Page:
May 02, 2018 · D. Program Evaluation ͟The organization has provided a description of the framework for how each program will be evaluated. The framework should include all the elements below: ͟The evaluation methods are cost-effective for the organization ͟Quantitative and qualitative data is being collected (at Basics tier, data collection must have begun)
The Summit ounty Prosecutor's Office has a new campaign to help inform the public about what it's like to be a prosecutor. Each month, one of our assistant prosecutors explains why they chose to be a prosecutor. This month Assistant Prosecutor Elliot Kolkovich discusses the reasons why he is a prosecutor. prosecutor is holding people
On an exceptional basis, Member States may request UNESCO to provide thé candidates with access to thé platform so they can complète thé form by themselves. Thèse requests must be addressed to esd rize unesco. or by 15 A ril 2021 UNESCO will provide thé nomineewith accessto thé platform via their émail address.
̶The leading indicator of employee engagement is based on the quality of the relationship between employee and supervisor Empower your managers! ̶Help them understand the impact on the organization ̶Share important changes, plan options, tasks, and deadlines ̶Provide key messages and talking points ̶Prepare them to answer employee questions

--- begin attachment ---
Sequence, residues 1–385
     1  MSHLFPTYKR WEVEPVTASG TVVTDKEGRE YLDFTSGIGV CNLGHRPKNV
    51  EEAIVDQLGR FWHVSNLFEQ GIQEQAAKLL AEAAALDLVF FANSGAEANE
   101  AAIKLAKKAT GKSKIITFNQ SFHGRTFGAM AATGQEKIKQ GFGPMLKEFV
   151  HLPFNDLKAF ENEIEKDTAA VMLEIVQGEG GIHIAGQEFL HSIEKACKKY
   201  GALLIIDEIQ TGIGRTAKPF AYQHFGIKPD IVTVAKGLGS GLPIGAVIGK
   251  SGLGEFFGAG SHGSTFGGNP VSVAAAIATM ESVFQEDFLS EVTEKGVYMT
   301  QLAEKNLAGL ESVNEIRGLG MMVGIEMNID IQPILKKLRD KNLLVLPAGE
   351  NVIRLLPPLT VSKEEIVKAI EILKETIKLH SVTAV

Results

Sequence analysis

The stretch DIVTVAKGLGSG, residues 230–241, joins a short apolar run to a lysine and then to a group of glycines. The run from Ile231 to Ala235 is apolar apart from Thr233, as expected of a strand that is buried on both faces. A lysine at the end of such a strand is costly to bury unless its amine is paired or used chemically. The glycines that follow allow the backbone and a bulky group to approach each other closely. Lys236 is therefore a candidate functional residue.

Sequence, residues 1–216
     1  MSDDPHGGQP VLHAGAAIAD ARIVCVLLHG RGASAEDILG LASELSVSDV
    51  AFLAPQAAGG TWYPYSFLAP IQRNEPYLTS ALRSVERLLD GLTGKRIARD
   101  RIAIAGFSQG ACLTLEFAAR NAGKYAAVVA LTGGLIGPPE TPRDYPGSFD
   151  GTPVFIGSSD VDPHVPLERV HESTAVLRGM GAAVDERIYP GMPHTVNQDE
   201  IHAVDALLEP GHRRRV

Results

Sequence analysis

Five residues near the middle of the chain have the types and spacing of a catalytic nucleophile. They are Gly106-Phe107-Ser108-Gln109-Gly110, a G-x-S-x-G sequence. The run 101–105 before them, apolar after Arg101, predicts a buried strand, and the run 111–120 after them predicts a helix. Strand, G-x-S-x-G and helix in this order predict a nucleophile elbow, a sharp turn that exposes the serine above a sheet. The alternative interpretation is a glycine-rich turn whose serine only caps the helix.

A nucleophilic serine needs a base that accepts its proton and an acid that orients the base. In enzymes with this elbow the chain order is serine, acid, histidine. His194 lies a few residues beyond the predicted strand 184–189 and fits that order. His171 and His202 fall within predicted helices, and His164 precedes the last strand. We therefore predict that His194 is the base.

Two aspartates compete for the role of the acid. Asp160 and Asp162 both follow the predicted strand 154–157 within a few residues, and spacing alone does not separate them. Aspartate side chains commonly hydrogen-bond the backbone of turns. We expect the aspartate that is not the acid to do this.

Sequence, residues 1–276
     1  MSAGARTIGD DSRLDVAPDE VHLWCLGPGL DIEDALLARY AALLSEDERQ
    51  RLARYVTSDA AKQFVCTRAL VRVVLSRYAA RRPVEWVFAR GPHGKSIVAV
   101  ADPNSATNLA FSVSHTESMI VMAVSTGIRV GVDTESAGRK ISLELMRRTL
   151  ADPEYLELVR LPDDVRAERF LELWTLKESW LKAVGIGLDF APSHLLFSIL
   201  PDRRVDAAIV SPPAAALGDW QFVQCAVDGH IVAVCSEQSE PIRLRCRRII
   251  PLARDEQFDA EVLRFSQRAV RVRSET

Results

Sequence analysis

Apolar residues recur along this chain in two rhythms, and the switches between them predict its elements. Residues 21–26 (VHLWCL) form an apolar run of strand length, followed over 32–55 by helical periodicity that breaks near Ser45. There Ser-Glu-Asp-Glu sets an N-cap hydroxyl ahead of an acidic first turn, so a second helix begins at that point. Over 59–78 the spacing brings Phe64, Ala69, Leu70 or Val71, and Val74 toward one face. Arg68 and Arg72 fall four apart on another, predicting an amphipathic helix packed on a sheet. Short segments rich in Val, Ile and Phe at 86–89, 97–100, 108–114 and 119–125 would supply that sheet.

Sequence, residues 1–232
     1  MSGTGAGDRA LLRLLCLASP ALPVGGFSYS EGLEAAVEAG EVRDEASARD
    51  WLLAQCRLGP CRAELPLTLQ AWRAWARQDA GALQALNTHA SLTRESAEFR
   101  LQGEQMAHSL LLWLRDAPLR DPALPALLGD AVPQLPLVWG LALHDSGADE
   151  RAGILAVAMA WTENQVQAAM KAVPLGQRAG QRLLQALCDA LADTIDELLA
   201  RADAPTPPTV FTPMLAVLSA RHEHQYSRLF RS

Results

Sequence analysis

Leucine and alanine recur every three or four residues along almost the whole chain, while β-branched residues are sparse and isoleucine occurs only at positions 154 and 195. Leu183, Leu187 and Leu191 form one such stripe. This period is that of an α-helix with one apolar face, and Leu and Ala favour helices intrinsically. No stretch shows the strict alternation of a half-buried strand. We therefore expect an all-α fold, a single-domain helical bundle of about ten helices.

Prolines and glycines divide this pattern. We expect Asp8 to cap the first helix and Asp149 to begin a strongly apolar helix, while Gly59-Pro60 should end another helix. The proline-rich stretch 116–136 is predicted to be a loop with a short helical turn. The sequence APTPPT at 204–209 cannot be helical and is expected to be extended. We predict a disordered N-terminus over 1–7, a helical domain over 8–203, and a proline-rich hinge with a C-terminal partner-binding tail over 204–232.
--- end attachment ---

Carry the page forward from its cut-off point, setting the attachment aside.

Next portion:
IPAC web site Find Your Prosecutor page? The main Find Your Prosecutor page lists the name, contact information and web site (if any) for each county. It also links to a page for each prosecutor that has space for a photograph and biography. The public uses IPAC's Find Your Prosecutor pages to find out about their local prosecutor. In the 4th .
Chính Văn.- Còn đức Thế tôn thì tuệ giác cực kỳ trong sạch 8: hiện hành bất nhị 9, đạt đến vô tướng 10, đứng vào chỗ đứng của các đức Thế tôn 11, thể hiện tính bình đẳng của các Ngài, đến chỗ không còn chướng ngại 12, giáo pháp không thể khuynh đảo, tâm thức không bị cản trở, cái được
2013 Annual Report of Essex County Prosecutor's Office Executive Staff Left to right, first row: Acting Essex County Prosecutor Carolyn A. Murray, New Jersey Attorney General Jeffery S. Chiesa, First Assistant Prosecutor Robert D. Laurino. Second row: Chief Assistant Prosecutor Keith Harvest, Public Information Officer
the prosecutor has demonstrated actual bias or prejudice towards an accused, complainant or witness; ii) the prosecutor previously served as counsel for the other party, or . was a material witness in the prosecution; iii) the prosecutor, or a member of the prosecutor's family, has an interest in the outcome of the prosecution;